The UK’s first 3.5 ton, inner-city, electric delivery vehicle has been revealed. Sort of. With motor and battery technology still in the early stages of development, companies are looking for a way to squeeze past the tight new regulations that are due to arrive in October. WhichEV wonders if regulators had this level of ‘blue-sky thinking' in mind when they tried to make our cities a cleaner place to live.
We don't cover hybrids, choosing instead to focus our attention on pure electric drive systems and associated technologies. So why this story? Well, conversion specialists Astra Vehicle Technologies have, in partnership with Sherwood Truck and Van, created a 3.5 ton van that uses a clever GPS system to completely decouple the fossil-fuelled parts of its drive train when approaching ultra low emission zones.
The clever part is the on-board technology that uses GPS geo-fencing to detect when a driver is entering a green zone and can automatically switch to pure electric mode. The battery on board is enough to power the van for up to 30 miles, making a trip in to London and back out feasible (just about).
It’s this mode that could potentially save companies thousands of pounds every year as local governments get more aggressive in their introducing of pollution charging fees (up to £300 a day) for commercial vehicles. Some authorities (as in the case of Bristol) seem to be considering banning diesels altogether.
The underlying van is an Iveco Daily and the creators believe it is the only product of its kind on offer in Europe. It is powered by a combo motor from Elinta.
While massive lorries will continue to move bulk freight around the country on Britain's motorways for some time to come, this kind of vehicle is targeted at those organisation that need to move tons of goods from warehouses in the sticks to a final destination or a smaller, more localised holding structure in the city. In that scenario, its designers believe that overall emissions for deliveries could be cut by up to 70% when compared to a full diesel vehicle transport. Not perfect, but certainly better.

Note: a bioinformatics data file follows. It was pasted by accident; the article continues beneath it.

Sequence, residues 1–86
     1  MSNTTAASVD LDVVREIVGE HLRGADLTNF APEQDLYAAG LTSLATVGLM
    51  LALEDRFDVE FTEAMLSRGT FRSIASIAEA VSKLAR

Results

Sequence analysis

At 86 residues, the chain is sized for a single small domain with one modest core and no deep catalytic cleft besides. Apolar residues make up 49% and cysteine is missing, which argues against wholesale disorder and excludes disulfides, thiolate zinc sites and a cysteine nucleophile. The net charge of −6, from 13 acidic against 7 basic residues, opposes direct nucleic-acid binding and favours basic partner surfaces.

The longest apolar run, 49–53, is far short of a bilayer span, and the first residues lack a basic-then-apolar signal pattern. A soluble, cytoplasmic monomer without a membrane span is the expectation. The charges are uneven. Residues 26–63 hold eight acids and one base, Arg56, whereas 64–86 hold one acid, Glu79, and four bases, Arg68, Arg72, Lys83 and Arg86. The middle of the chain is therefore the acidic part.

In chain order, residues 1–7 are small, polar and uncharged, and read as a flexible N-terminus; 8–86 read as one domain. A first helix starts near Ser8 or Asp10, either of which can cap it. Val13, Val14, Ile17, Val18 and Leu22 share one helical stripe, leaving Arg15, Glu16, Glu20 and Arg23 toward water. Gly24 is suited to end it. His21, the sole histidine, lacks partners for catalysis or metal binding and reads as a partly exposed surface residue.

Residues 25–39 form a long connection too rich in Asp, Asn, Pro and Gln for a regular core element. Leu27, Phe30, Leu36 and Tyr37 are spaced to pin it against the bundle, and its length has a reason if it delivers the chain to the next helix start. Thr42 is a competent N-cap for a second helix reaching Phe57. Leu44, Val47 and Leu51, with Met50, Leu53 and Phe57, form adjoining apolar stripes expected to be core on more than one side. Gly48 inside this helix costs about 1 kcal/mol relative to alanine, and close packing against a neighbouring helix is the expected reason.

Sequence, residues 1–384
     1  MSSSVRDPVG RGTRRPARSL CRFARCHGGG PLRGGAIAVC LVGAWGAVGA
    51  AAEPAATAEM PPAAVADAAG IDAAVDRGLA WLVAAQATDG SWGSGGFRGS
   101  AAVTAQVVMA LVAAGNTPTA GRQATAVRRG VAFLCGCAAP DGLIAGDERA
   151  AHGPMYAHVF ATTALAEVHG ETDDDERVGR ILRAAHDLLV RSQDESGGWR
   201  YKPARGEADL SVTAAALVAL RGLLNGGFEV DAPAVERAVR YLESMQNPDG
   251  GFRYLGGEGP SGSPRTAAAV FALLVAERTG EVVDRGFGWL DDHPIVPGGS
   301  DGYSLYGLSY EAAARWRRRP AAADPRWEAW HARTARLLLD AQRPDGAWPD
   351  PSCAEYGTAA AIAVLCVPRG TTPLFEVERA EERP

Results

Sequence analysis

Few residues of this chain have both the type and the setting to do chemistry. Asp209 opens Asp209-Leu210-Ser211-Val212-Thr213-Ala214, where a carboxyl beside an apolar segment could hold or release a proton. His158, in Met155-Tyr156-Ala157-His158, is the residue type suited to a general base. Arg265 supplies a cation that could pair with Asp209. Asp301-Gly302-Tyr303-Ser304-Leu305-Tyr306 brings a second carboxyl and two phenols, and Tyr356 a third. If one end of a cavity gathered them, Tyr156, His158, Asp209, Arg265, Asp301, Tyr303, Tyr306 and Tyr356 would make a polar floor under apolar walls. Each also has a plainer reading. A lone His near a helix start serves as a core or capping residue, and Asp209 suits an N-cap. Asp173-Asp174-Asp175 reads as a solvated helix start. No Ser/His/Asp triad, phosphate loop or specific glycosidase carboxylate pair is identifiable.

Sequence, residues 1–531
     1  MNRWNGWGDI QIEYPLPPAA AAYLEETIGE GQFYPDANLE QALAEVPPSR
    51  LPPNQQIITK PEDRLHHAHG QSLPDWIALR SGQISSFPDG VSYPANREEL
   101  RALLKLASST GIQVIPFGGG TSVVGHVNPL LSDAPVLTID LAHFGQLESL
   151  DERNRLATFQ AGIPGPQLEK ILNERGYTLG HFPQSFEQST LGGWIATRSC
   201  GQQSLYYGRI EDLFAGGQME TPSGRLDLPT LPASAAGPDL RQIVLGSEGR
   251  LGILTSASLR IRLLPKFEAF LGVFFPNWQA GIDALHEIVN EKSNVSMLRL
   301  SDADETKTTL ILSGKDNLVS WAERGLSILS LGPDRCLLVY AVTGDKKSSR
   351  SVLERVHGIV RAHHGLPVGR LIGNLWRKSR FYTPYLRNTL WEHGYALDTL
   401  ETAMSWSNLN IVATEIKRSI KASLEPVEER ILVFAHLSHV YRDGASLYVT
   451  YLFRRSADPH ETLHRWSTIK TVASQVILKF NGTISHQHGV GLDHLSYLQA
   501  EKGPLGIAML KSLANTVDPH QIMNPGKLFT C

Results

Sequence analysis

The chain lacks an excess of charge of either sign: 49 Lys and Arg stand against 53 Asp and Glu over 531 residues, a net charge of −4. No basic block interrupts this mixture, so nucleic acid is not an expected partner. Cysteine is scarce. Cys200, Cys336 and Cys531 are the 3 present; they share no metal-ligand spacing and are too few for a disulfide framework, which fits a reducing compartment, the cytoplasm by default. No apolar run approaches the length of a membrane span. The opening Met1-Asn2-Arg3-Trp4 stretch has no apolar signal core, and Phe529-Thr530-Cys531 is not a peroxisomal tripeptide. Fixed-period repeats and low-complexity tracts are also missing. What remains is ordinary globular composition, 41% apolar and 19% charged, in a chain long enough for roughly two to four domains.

The conversion will also be made available on larger vans, up to 7.5 tons.
Assuming no lockdown, Sherwood Truck and Van expects to supply around 20 units to UK customers in the first 12 months. Lead times will be delivery time from plant plus two weeks. They will each cost around £50,000
John Chadderton, director of Astra Vehicle Technologies, said: “This intelligent and highly efficient vehicle will give operators the best of both worlds, removing the range anxiety of fully electric vehicles while bringing significant overall fuel and environmental benefits in the electric vehicle and hybrid modes of operation”.
Nick Pemberton, director of Sherwood Truck and Van, added: “Working with Astra has been productive and we are happy with the new hybrid vehicle. We are looking forward to seeing what customers think”.
At the time of writing, we have no idea if local authorities will allow this kind of vehicle to enter the city streets without being sent a penalty charge notice, but it will be interesting to see. If the detection systems don't allow for this ‘smart switching technology', then a lot of customers might not be happy.
Find out more from Iveco over here.
Discussion about this post